Have smartphones soured Americans on America?
US must respond to increasing 5G global competition
Commercial 5G wireless technology is on the verge of changing our world. Like the interstate highway system, national power grid or space program, 5G (short for "Fifth Generation" cellular) represents a historic opportunity. Far more than just better mobile phone service, this 21st century communications infrastructure will operate up to 10 times faster than today's networks.
5G will transform cities, health care, entertainment, transportation, manufacturing, communications and much more by smartly connecting billions of people and a world of machines, devices and data. There will be widespread ramifications throughout the economy, affecting critical fields such as health care, transportation, telecommunications, agriculture, government, manufacturing, all internet applications and many more.
I know this as a vice president in Intel Corporation's Technology, Systems Architecture & Client Group and general manager of its Next Generation and Standards. Intel is positioned at the forefront of conversations about 5G, providing essential technological inputs and leveraging global partnerships to push testing and implementation of standards-based technologies.
However, will U.S. policymakers open the regulatory and technological doors necessary to realize this potential?
Many other countries - including China, the European Union, Japan and South Korea - have started to unleash 5G's full power. A recent study by Deloitte states that "China and other countries may be creating a 5G tsunami, making it near impossible to catch up." Most critically, these nations are taking steps to open up bigger slices of the "mid-band" spectrum to 5G. Doing so enables both the speed and range needed for networks based on this fast-emerging, next-generation technology.
To stay competitive, it's crucial that America do the same. Last month, the Federal Communications Commission (FCC) took a vital step to advance 5G closer to its full technical and commercial potential when it greenlighted a proposal to explore reallocating part of the "mid-band" spectrum for new commercial and terrestrial use, including 5G. That's a good start.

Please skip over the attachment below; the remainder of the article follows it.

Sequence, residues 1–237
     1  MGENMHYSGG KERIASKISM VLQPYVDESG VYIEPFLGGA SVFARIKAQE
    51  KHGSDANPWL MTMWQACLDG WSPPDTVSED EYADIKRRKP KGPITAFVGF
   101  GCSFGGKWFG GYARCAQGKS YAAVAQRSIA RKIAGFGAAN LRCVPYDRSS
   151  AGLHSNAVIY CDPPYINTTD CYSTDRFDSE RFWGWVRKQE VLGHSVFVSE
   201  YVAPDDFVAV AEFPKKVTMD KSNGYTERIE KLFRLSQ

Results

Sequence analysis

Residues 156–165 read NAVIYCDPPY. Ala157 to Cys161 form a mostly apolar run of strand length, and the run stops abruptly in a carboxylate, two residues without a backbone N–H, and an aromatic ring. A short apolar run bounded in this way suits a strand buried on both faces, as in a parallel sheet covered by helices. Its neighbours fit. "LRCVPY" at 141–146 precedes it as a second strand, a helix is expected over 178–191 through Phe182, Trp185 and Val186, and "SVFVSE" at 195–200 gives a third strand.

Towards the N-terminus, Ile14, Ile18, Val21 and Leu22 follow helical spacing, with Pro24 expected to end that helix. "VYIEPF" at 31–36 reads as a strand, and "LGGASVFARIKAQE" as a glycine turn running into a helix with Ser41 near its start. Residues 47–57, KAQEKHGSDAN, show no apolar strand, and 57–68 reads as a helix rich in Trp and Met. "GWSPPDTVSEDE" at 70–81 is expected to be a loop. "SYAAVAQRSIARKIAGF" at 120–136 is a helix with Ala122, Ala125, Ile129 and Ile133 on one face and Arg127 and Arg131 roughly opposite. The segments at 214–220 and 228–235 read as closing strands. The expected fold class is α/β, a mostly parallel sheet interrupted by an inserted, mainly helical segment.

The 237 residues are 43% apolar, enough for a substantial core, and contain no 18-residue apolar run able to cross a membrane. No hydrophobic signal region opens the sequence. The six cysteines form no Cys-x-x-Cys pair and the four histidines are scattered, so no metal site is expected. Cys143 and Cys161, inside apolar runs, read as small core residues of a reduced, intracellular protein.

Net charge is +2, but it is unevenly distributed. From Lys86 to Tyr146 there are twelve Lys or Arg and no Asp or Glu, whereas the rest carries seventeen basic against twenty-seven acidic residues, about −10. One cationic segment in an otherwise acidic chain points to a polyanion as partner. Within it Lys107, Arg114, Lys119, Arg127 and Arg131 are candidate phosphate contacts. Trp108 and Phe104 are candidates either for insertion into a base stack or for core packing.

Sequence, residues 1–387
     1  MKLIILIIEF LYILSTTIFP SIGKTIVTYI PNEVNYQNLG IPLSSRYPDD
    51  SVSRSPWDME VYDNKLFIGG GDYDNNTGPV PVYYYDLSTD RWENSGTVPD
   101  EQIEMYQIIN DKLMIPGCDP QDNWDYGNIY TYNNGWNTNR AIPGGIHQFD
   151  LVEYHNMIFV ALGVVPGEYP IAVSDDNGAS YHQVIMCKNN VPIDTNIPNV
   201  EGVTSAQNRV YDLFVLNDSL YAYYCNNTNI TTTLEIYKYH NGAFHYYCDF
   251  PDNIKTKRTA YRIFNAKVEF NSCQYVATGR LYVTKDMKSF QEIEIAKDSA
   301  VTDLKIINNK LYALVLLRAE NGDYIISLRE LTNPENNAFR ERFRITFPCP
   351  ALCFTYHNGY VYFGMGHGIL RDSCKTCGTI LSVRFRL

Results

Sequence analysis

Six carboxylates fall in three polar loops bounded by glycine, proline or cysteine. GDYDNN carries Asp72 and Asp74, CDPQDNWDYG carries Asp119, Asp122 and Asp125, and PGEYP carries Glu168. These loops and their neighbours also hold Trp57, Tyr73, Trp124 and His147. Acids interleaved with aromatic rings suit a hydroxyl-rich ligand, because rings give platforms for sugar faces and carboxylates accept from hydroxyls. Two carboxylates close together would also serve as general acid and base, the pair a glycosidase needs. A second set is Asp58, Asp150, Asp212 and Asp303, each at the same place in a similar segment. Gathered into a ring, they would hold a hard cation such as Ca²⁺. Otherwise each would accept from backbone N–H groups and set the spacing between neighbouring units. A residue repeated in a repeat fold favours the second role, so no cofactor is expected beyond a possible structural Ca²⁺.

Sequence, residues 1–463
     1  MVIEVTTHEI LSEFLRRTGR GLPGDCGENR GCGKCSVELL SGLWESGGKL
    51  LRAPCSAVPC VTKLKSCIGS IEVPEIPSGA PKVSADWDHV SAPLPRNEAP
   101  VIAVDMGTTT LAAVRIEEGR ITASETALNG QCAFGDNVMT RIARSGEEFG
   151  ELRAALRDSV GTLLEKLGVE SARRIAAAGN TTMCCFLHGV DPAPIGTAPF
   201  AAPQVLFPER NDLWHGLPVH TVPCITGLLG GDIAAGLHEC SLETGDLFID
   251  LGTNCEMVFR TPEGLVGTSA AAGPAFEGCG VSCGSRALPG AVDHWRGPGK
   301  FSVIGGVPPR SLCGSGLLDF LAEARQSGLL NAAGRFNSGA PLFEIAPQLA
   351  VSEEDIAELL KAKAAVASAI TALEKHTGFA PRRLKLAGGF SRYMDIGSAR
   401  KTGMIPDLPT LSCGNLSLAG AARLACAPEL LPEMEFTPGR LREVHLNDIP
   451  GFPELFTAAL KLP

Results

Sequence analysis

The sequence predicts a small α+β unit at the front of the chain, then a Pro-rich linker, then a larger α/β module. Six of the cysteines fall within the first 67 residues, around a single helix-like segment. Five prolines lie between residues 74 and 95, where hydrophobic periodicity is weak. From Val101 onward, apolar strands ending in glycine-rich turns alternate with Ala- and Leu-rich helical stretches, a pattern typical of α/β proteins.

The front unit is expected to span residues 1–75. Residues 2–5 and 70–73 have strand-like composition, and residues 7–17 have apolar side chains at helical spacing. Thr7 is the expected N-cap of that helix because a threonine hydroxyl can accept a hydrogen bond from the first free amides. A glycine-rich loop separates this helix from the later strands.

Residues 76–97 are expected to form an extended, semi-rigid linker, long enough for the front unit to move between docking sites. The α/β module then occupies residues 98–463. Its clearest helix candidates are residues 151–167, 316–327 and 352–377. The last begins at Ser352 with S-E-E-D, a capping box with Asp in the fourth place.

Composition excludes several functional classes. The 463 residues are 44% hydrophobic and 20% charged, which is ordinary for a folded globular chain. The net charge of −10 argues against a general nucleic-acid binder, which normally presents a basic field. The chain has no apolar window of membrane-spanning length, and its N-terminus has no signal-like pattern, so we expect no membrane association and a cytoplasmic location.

However, to truly enable the transformative potential of 5G, the FCC must expeditiously establish the rules to open new bandwidth for 5G use in this crucial spectrum. This is a make-or-break moment for America.
Current 5G pilots in Dallas, Miami, Sacramento and other cities have shown glimpses of 5G's potential: smart cities, vehicles and homes; better traffic and energy management; and new forms of interactive entertainment, such as virtual reality and augmented reality.
Failure to act quickly and decisively to open mid-band spectrum could slam the door on widespread 5G deployments with potentially devastating consequences for American leadership and the economy.
First, the U.S. stands to lose millions of new 5G-related jobs in communities across the country, as well hundreds of billions of dollars in potential economic gains. Research shows America's world leadership in 4G LTE boosted the nation's GDP by an estimated $100 billion and drove an 84 percent increase in wireless-related employment. The impact of 5G is expected to be three to five times greater than 4G over the next 10 years.
Next, failure to open necessary regulatory doors means forfeiting hope of establishing the United States as a global 5G leader. Why is that important? As we saw with 4G LTE, leadership confers a huge worldwide, first-to-market advantage, acting as a magnet for investment, research and development, innovation - and excitement. Many other countries have opened spectrum for 5G. America must act to ensure that we realize all the benefits and advantages of 5G.
Finally, denying or delaying 5G will harm development that comprises the biggest growth engine in the United States and world economies. Without the possibilities enabled by 4G, companies and technologies such as Uber and Waze never could have been launched. With the rollout of 5G, who knows what companies and technologies may come about in fields such as next-generation computer networks, artificial intelligence, data analytics, robotics and consumer use. This could lead to the creation of millions of American jobs.
Our nation has a once-in-a-generation opportunity. But American companies that are manufacturing 4G equipment and technologies require an attractive regulatory environment as an incentive to make the significant, sometimes risky, investments needed to upgrade our underlying communications infrastructure.
Quick, decisive and commonsense action by the FCC to open mid-band spectrum for 5G can position the U.S. as a global 5G leader. We then will be poised to claim the far-reaching business and societal benefits - in jobs and economic investment and growth. We strongly urge policymakers to move quickly to ensure America can realize these benefits.
Asha Keddy is vice president in the Technology, Systems Architecture & Client Group and general manager of Next Generation and Standards at Intel Corporation.